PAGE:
The following missions were carried out statewide by forest rangers between March 24 and March 31:
Town of Corning
Wildfire: On March 26 at 4:48 p.m., Forest Rangers were contacted by the Steuben County Deputy Fire Coordinator to respond to a wildland fire. When a Ranger arrived on scene, local volunteer fire departments had established a fire line around the blaze and quickly put down the fire. Two days later, Rangers returned to investigate the cause of the fire and locate the origin. This investigation is ongoing.
Town of Cincinnatus
Wildfire: On March 26, DEC Forest Rangers and Environmental Conservation Police Officers (ECOs) responded to a reported wildfire on farmland in the town of Cincinnatus. The fire burned 1.3 acres of light grass before the Cincinnatus Fire Department and other local fire departments contained the blaze. Two Rangers responded, completed fire suppression, and declared the fire out approximately three hours after the initial report. ECOs investigated and determined that the landowner had ignited bags of household waste in a burn pit and left the fire unattended. The blaze spread and the landowner was ticketed for several offenses.
DEC reminds residents that a statewide burn ban remains in effect through May 14. With warmer temperatures approaching, conditions for wildfires are increasing. Not only does opening burning raise the risk of sparking wildfires, but residents can incur tickets and fines. For more information on open burning in New York visit DEC’s website.
City of Albany
Prescribed Fire: On March 28, DEC Forest Rangers, staff from the Albany Pine Bush, and multiple volunteer fire departments conducted a prescribed burn at the Albany Pine Bush. The burn was conducted in a grass field near the intersection of Washington Avenue and County Rt. 155 in an area known as Blueberry Hill. The nine-acre burn will increase openings for warm season grasses, forbs, and wild blue lupine and reduce the invasion of woody shrub. This management technique will improve habitat for the Karner Blue Butterfly in the Albany Pine Bush.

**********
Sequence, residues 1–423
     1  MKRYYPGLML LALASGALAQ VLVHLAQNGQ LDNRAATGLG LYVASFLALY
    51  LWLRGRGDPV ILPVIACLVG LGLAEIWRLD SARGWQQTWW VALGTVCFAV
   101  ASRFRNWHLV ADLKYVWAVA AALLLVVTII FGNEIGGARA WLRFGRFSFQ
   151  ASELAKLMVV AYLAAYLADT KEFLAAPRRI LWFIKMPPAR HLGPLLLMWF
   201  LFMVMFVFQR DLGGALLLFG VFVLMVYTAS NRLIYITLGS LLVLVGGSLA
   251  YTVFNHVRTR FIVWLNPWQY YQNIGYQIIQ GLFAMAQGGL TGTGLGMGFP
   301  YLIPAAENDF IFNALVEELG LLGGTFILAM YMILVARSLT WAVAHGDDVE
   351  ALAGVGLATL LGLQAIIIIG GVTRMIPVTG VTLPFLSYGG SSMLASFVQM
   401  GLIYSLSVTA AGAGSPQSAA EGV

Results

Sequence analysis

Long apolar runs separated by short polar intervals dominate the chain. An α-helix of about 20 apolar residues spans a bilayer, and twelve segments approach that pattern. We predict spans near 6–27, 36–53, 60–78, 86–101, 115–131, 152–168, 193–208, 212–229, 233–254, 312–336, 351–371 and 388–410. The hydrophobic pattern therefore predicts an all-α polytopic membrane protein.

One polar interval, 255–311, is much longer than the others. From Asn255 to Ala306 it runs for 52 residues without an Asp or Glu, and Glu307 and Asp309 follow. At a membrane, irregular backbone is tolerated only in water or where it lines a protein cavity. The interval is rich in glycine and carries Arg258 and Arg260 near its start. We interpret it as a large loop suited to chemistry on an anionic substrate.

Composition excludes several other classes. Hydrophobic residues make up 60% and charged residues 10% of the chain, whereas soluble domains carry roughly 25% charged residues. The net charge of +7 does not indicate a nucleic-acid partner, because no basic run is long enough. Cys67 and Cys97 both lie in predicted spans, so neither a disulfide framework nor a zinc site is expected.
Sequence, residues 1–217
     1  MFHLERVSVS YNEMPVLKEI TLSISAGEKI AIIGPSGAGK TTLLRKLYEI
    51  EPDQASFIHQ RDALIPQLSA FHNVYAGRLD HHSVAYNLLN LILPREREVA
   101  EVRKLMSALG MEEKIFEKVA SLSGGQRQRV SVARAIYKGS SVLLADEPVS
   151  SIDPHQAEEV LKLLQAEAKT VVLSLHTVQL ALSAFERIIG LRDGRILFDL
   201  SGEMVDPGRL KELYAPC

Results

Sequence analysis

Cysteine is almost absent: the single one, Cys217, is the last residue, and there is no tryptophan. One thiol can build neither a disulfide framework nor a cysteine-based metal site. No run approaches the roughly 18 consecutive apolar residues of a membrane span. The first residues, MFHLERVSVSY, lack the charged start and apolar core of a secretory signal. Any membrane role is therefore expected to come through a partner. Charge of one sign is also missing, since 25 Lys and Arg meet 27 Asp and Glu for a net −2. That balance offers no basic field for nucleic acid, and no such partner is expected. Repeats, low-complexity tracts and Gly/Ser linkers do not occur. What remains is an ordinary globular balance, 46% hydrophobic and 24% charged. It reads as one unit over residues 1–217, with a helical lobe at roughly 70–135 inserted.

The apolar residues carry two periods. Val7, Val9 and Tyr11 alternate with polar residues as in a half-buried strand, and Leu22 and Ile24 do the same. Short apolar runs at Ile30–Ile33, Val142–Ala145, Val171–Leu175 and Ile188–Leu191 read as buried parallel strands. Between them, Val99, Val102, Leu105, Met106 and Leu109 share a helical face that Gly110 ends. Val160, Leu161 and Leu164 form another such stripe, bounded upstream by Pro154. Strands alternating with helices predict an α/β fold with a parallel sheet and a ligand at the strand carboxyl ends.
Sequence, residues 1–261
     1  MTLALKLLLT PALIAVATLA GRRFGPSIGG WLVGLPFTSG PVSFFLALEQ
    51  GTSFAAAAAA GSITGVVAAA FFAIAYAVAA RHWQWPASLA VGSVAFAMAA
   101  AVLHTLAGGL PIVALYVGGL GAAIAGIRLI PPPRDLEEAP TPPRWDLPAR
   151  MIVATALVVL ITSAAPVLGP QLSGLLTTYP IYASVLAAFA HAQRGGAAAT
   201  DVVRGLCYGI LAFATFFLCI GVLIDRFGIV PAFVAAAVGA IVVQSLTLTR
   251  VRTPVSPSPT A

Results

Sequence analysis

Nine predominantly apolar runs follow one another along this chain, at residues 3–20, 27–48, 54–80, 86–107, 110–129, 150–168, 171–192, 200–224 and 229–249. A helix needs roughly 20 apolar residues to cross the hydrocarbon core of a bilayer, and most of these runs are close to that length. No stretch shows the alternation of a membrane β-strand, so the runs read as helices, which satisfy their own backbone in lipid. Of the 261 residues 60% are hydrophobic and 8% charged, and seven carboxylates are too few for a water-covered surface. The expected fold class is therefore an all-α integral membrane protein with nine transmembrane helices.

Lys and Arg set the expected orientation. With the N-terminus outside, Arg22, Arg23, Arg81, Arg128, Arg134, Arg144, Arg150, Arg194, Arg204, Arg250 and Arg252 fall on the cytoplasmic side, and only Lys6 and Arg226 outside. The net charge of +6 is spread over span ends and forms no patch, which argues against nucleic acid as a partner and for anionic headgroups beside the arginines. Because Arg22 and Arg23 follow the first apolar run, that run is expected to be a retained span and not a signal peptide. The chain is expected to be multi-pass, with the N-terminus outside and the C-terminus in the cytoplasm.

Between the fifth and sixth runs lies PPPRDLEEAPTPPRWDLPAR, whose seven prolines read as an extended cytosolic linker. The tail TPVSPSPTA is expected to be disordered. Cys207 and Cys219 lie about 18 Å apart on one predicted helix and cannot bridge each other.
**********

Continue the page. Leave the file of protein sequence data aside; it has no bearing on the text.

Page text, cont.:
Town of Arkwright
Wildfire: On March 28 at 4:30 p.m., Forest Rangers Nathan Sprague and Zachary Robitaille were notified by County Dispatch of a field fire in the town of Arkwright. When the Rangers arrived, Cassadaga Fire Department personnel were finishing the mop-up of the fire. The homeowner had started a brush pile fire and the flames spread to an adjacent field, burning approximately 1/2 an acre. After Rangers interviewed the homeowner, he admitted to starting the fire to burn papers. Ranger Sprague issued a ticket for illegal burning during the burning ban.
Town of Windham
Rescue: On March 30 at approximately 10:15 a.m., Ranger Katherine Fox was contacted by DEC Central Dispatch regarding a 56-year-old male who suffered a leg injury on the Escarpment Trail leading to Windham High Peak in the Windham Blackhead Wilderness Area. Eleven Rangers responded along with personnel from Hensonville Fire Department, Windham Police Department, and Windham Ambulance. Rangers reached the subject by approximately 12:15 p.m. After administering first aid, Rangers packaged the subject into a Stokes basket and, with the help of fire department volunteers, carried him down to a UTV staged at the Elm Ridge lean-to. The subject was transported to the trailhead, where he was transferred to an ambulance and taken to a local hospital for further care. All Rangers were clear of the scene at 6 p.m.
Town of Fort Anne
Rescue: On March 30 at 4:15 p.m. three Forest Rangers responded to a call to DEC Ray Brook Dispatch reporting a 47-year-old female who had sustained an ankle injury on a trail in the Pilot Knob Preserve. The trail, located on Lake George Land Conservancy property, had become icy in recent days. The subject was given medical treatment in the field for her injury and carried out to an awaiting ATV, which took her to an ambulance. The subject was back at the trailhead by 6:11 p.m., and transported to the nearest hospital for further care.
Be sure to properly prepare and plan before entering the backcountry. Visit DEC’s Hiking Safety and Adirondack Backcountry Information webpage for more information.
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